I went off my vegetarian diet yesterday. Yes, it's true. I ate an animal. One that was alive—at least until I ate it. Now it's dead, and I feel bad, in more ways than one. It wasn't even tasty.
It's not that I intended to become a meat-eater again, mind you. It was just something that happened. I was in the park at the time, riding laps on my bicycle. There's one place where the road goes uphill, and I was gasping for breath, trying to keep up my speed against a stiff headwind. That was when this unfortunate creature, whatever it may have been, apparently mistook my open mouth for an inviting cave, and flew right in.
Now, you'd think that at the point the bug entered my mouth it would have realized its mistake and made a quick exit. ("Uh-oh, those stalactites and stalagmites look strangely like teeth! Mayhaps this isn't a cave after all!") But instead, he or she just compounded the problem by making a bee-line (yeah, I suppose it could have been a bee) down my throat. At that point all hope was lost.
I tried to keep from swallowing the poor thing, of course. I coughed and I spit (much to the chagrin of the other bike riders passing by), and I probably looked like I was having convulsions right there on my bicycle. But no matter what I did, I couldn't get rid of that "bug-in-the-throat" feeling. As a matter of fact, I swear I can still feel it the next day. Maybe that's the kind of psychological damage that meat-eating causes!
Before yesterday, I had been a vegetarian for almost 30 years. (Thirty years?! Is that possible? I must have been a very small child when I started.) Now all of that is history, and I feel deceitful even using the "V" word. I feel like all of those people who say they're vegetarian, but what they really mean is, "I've been vegetarian ever since I finished breakfast, and I intend to stay vegetarian right up until lunch." I used to make fun of those people, and now I am one.
If I was going to end my vegetarian diet I suppose I could have picked more pleasurable ways of doing it. I could have eaten lobster dripping in butter, or a greasy cheesesteak sub, or any one of a dozen things I loved back in my meat-eating days. But to tell you the truth, I have no desire for any of those things anymore. They probably would have grossed me out even more than eating that bug. At least the bug was small. At least I didn't get sick.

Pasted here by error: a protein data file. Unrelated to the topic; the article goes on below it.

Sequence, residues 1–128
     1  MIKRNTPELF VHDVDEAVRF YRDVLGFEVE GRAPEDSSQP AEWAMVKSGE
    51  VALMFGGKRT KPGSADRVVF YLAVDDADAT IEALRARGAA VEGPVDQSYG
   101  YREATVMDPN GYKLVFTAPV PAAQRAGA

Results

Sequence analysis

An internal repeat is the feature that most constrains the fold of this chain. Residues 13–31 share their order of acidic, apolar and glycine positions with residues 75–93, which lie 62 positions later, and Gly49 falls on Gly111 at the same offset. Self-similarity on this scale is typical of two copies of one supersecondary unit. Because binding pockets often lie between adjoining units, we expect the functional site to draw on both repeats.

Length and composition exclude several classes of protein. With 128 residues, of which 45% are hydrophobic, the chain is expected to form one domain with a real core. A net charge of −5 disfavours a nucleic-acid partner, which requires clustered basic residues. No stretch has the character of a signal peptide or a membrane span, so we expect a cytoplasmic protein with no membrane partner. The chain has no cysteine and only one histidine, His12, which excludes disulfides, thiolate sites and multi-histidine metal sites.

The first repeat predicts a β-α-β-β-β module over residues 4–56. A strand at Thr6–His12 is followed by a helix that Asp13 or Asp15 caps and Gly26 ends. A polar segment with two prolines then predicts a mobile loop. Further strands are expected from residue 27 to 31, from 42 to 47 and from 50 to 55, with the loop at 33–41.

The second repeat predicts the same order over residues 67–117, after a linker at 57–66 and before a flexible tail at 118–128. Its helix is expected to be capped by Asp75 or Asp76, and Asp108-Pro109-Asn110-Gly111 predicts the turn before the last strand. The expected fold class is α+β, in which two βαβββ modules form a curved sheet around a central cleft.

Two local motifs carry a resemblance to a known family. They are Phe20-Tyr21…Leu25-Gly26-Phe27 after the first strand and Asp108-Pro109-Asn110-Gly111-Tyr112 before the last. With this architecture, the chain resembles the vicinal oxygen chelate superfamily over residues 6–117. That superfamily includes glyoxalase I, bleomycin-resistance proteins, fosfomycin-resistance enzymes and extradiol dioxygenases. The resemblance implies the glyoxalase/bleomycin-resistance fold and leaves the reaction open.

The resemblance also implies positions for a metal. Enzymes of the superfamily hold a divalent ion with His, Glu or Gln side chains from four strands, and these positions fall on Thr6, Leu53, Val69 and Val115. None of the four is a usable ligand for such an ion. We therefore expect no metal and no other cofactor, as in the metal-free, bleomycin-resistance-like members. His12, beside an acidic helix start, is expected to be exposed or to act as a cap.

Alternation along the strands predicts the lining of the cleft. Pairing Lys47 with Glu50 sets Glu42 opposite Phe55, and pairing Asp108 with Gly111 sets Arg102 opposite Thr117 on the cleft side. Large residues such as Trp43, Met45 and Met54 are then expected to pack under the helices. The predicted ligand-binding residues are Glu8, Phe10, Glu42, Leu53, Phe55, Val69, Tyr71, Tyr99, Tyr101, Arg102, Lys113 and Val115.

Of course it's tempting to rationalize my way out of this thing entirely. Last night my neighbor's daughter tried to cheer me up. "You don't know it was a bug," she said with the kind of optimism 14-year-olds often display. "It could have been a piece of a plant." Yeah, I thought for a second, maybe something just fell off of a tree and floated down into my mouth. Then I realized how unlikely that was. No, whatever I ate felt like it was going from point A to point B with a purpose when I got in its way. If it wasn't a bug exploring a cave, it was probably a bug intent on committing hara-kiri in the back of my throat.
So now I have to start all over again. Here's what I'm going to tell people: I'm a new vegetarian. I've been a vegetarian for almost 24 hours now, and I'm proud of myself. I intend to stay a vegetarian too. …At least until the next Oriental restaurant I eat at slips chicken broth into the sauce or hides a piece of shrimp in the "vegetable" spring roll. …At least until some well-meaning friend who doesn't read labels serves me something with gelatin in it. …At least until my next bike ride in the park.